• The minimum daily doses are based on approximately 5% of the highest AI (IOM 2006). See Appendix 1 for definitions and Table 2 in Appendix 2 for AI values.
  • When chromium picolinate is used as source material for elemental chromium, the product should be indicated for adult subpopulation only

Duration of use

Consult a health care practitioner for use beyond 6 months  (Anton et al. 2008, Campbell et al. 2002, Campbell et al. 1999, Cefalu et al. 1999, Kato et al. 1998, Anderson et al. 1997, Pasman et al. 1997, Lee et al. 1994)

Risk Information

Statement(s) to the effect of:

Caution(s) and Warning(s):
For products providing 200 - 500 Micrograms per day:
Consult a health care practitioner prior to use if you have a kidney disorder and/or diabetes  (Wani et al. 2006, Cupp et al. 2003, Bunner and McGinnis 1998, Cerulli et al. 1998, McCarty et al. 1997, Wasser et al. 1997)

Contraindication(s):
Do not use if you are pregnant or breastfeeding  (EFSA 2009, Manygoats et al. 2002, IOM 2001, Sugden et al. 1992)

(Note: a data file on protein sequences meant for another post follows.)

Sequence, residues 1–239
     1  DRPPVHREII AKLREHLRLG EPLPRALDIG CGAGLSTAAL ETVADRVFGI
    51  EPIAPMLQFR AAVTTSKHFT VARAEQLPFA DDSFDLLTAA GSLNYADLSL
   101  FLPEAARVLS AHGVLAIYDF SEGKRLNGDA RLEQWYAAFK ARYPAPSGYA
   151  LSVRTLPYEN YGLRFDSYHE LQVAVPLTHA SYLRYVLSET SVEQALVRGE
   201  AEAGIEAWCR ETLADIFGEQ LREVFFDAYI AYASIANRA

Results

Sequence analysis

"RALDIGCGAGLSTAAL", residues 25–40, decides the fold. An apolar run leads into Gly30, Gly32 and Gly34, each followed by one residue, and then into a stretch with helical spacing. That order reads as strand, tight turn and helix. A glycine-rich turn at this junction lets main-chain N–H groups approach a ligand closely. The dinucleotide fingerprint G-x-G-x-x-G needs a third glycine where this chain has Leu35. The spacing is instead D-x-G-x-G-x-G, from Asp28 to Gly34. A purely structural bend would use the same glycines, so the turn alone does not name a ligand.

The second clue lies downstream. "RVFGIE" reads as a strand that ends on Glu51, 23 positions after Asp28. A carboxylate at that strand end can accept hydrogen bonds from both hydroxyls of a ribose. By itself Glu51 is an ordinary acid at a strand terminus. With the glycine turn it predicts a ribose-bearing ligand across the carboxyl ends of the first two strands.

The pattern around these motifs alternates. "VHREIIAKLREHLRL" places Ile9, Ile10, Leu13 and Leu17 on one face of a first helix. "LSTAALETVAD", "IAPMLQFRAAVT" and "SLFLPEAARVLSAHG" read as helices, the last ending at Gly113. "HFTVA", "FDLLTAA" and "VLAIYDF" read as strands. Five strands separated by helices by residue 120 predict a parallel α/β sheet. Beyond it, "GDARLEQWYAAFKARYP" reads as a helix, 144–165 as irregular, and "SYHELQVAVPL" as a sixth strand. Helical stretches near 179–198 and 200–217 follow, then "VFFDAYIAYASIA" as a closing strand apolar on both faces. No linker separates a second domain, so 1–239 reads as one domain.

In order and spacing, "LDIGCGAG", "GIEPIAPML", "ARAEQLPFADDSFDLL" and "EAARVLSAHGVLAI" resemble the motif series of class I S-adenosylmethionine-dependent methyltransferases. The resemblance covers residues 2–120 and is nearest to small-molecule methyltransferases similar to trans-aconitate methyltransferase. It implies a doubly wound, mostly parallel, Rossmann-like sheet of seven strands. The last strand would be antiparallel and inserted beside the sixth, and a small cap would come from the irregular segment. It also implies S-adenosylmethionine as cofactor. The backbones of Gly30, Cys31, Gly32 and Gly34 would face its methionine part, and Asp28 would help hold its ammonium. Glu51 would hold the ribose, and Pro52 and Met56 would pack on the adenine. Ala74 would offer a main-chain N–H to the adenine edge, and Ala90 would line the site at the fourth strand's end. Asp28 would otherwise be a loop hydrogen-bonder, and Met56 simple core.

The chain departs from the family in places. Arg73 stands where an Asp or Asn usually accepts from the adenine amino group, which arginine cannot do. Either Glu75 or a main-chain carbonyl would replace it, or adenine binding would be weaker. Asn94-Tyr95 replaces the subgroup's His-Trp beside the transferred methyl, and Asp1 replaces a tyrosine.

Known Adverse Reaction(s):
No statement is required

Non-medicinal ingredients

Must be chosen from the current Natural Health Products Ingredients Database and must meet the limitations outlined in the database.

Specifications

  • The finished product specifications must be established in accordance with the requirements described in the NHPD Quality of Natural Health Products Guide.
  • The medicinal ingredient must comply with the requirements outlined in the Natural Health Products Ingredient Database (NHPID).

References cited

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  • Albion 1995: Chromium..has the public been mislead? Albion Research Notes 1995;4(3) [Accessed 2007-04-03]. Available at:http://www.albion-an.com/human/Newsletter/1995june.pdf
  • Albion 2000: Implications of the "other half" of a mineral compound. Albion Research Notes 2000;9(3) [Accessed 2007-05-18]. Available from: http://www.albion-an.com/human/Newsletter/2000October.pdf
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  • Bunner SP, McGinnis R. 1998. Chromium-induced hypoglycemia. Psychosomatics 39(3):298-299.